From the protests that erupted around me, you might have thought I’d expressed contempt for humankind and confessed to torturing kittens. Which, of course, is nonsense. I rather like and even identify with humans. I like kittens, too. Even though they grow up to be cats.
No, what I’d said was, “The Christmas season isn’t my favorite time of year.”
To be fair, I understood the surprise of those who’d overheard me. If your spirits soar during the holiday season, it can be difficult to fathom how the same season might cause someone else’s to plummet.
Yet I am far from alone. Every year, no shortage of people experience emotional struggles with the holidays. If this is the first you’ve heard of holiday blues, perhaps it’s because a good many sufferers have learned to keep their yaps shut. “I get depressed around the holidays” rarely plays well.
It’s not unusual for people to respond with chiding (“Come on, Christmas is a time of joy”), scolding (“You must be a terrible person”), name-calling (“Scrooge!”), and would-be instant fixes (“Why don’t you just …”). Well-intended though some of the above may be, they do not help and can even hurt. I’m no mental health professional, but my anecdotal experience suggests that hurt rarely cheers anyone up.
The causes of holiday blues are as varied as its sufferers. In my own case, I credit my parents, who excelled at making my childhood Christmases miserable, and experiences in my alleged adult years that salted the wounds. I reached a point where the mere act of dragging decorations out of storage was all it took to plunge me into a deep depression. My wife ended up with sole charge of things Christmas in our home — decorating, shopping, wrapping, sending out cards — because her husband could no longer face them.
When our kids were 12 and 16, we lost my wife to breast cancer. I dealt with Christmas that year by giving each of the kids a wad of cash and turning them loose in a mall. Dispensing with the usual holiday trappings felt freeing for me, but the kids missed the way their mom had done things.
Not wanting my holiday blues to become their holiday blues, the following year I steeled myself and put up a tree. I wasn’t ready for ornaments, however, so we bedecked the tree with whatever had the misfortune of falling within reach: unspooled recording tape, underwear, egg cartons, a gym sock, an empty Coke can, a dish towel and the like. We wrapped presents in plastic trash bags. We had fun with it, and — there is no overstating the importance of this — my kids’ friends thought it was cool.
For the next year, I braved bona fide tree ornaments and bona fide wrapping paper. But there I drew the line. I wouldn’t string lights, hang tinsel, decorate the house or send out cards. To my relief, my emotions held. Certainly my having taken a minimalist approach had helped. And perhaps it helped that Christmas was no longer bullying me. Through non-participation and tree heresies, I had said “up yours” to holiday expectations. I was hanging ornaments and wrapping gifts because I wanted to, not because I was “supposed to.”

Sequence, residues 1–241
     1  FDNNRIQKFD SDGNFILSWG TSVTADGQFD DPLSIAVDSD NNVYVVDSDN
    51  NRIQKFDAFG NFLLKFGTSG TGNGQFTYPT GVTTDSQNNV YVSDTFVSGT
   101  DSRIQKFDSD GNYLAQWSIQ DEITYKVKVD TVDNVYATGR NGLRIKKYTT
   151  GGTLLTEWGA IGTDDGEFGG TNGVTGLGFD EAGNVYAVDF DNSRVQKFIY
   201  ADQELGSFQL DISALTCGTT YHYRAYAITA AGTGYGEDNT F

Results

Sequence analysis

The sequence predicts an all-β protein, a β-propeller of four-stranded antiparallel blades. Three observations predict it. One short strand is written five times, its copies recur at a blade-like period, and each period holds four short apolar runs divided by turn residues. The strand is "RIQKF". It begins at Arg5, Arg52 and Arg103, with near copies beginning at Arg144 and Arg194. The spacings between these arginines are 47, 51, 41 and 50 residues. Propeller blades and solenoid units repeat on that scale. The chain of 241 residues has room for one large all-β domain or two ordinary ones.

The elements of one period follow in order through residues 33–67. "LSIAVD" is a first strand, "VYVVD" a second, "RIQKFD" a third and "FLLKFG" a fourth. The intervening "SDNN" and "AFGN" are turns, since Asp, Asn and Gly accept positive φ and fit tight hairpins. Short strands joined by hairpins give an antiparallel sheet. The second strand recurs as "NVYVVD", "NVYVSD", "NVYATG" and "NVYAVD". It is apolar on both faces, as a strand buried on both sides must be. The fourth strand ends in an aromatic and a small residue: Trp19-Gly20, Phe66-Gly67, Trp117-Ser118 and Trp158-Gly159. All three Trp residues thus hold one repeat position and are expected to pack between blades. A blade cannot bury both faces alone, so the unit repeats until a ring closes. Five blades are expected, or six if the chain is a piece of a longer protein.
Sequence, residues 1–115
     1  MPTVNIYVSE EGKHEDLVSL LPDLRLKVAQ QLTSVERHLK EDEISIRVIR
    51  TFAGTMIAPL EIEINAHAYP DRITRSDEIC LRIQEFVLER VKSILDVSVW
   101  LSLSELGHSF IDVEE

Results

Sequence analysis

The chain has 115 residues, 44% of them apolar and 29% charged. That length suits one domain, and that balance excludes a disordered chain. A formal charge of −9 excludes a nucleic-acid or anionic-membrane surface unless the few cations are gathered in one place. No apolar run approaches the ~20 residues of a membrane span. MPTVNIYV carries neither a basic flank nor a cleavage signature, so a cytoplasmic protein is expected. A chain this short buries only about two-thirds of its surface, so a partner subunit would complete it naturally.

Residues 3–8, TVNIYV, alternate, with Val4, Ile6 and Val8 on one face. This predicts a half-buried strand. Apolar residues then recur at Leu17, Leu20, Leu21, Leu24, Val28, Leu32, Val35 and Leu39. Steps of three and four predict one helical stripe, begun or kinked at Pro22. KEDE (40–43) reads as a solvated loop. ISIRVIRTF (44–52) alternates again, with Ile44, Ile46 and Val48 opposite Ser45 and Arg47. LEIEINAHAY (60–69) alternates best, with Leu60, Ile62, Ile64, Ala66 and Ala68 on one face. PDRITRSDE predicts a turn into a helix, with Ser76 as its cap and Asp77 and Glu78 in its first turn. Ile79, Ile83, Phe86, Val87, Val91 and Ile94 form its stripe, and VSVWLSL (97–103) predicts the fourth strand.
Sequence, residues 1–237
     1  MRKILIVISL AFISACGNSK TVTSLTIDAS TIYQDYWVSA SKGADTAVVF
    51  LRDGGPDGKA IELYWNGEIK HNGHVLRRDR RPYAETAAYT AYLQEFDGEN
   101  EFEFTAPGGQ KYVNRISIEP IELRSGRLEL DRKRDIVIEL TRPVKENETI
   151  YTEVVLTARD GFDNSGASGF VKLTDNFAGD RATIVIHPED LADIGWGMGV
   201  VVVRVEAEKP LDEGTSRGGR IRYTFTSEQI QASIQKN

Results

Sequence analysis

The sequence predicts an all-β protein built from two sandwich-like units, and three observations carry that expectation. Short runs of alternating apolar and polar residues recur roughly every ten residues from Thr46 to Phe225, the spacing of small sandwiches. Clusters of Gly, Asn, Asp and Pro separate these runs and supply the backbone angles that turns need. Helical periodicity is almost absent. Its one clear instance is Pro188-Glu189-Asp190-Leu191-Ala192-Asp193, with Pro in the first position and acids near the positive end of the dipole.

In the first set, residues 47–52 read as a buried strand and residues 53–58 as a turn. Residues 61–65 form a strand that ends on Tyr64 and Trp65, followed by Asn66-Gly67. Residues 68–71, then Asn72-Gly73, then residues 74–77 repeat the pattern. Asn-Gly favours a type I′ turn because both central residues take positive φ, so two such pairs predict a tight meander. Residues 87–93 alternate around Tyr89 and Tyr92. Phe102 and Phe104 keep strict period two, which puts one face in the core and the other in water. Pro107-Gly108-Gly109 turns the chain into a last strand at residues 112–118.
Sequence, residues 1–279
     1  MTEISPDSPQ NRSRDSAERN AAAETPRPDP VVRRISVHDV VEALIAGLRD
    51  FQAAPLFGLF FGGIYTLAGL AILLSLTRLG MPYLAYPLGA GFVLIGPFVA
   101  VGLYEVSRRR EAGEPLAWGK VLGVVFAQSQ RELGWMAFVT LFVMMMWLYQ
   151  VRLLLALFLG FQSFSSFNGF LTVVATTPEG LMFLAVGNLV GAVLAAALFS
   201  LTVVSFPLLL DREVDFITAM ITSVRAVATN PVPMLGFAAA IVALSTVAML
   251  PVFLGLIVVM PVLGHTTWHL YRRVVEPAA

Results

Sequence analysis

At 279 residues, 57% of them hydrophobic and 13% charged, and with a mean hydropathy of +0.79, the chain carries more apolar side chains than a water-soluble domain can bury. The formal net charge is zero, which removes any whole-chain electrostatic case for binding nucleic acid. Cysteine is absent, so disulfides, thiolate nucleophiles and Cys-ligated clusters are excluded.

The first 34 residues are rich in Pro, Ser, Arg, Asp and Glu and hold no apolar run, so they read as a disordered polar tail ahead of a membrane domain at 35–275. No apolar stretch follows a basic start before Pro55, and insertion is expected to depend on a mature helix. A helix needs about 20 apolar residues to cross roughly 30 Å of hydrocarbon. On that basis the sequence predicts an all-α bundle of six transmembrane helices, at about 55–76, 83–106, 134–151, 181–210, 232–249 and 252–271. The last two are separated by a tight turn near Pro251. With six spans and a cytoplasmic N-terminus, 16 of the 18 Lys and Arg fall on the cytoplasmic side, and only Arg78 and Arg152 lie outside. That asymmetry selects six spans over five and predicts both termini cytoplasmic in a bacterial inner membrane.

Now that my kids are grown and have families of their own, Christmas and I have established something of a détente: I ignore it, and it ignores me. I live with two German shepherds — dogs, not immigrants with staffs — who never complain about not having a tree. And I work from home, so I needn’t endure holiday office décor or holiday chatter around the water cooler.
But I can’t avoid holiday trappings altogether. Lights adorn nearby homes, carolers show up at my door, wreaths hang from streetlights, neighbors drop off token gifts, stores pipe in Christmas music, “Have a merry Christmas” takes the place of “Goodbye,” and the media bombard us with holiday messages. All too aware that moroseness stands at the ready to have its way with me should I relax my emotional guard, I make a conscious effort to tune it all out. Even the German shepherds do their part: Their furious barking drowns out the carolers.
I’m also aware that I’m lucky. Détente remains agonizingly out of many if not most sufferers’ reach. What one person finds helpful may fall flat for another. Which reminds me: Should a friend with holiday blues risk confiding in you, I implore you not to say, “According to The Tribune, all you have to do is toss a pair of jockey shorts on a tree and you’ll be fine.”
As long as I’m imploring, I’d like to add three more don’ts:
• Don’t wisecrack about being a scrooge. It’s not funny; it’s unkind.
• Don’t scold. Having holiday blues is not a choice. It does not indicate a character defect.
• Don’t offer advice or in any other way try to fix the problem. For one thing, you can’t fix it. For another, you’re not being asked to fix but to understand.
I’d also like to offer a do. Or two. OK, three: Listen, validate and empathize. A sincere “I’m glad you told me” with an optional “I can’t imagine how hard that must be for you” is balm on an aching heart. You will strike a welcome contrast to those who respond with anger, scolding, name-calling, and would-be instant fixes.
Now, if you’ll excuse me, I have just enough time to hide before the carolers reach my door.
Steve Cuno is an advertising writer, a columnist for Free Inquiry magazine, and the “as told to” author of the book “It’s Not About the Sex My Ass: Confessions of an ex-Mormon, ex-polygamist, ex-wife” by Joanne Hanks. He lives in Sandy.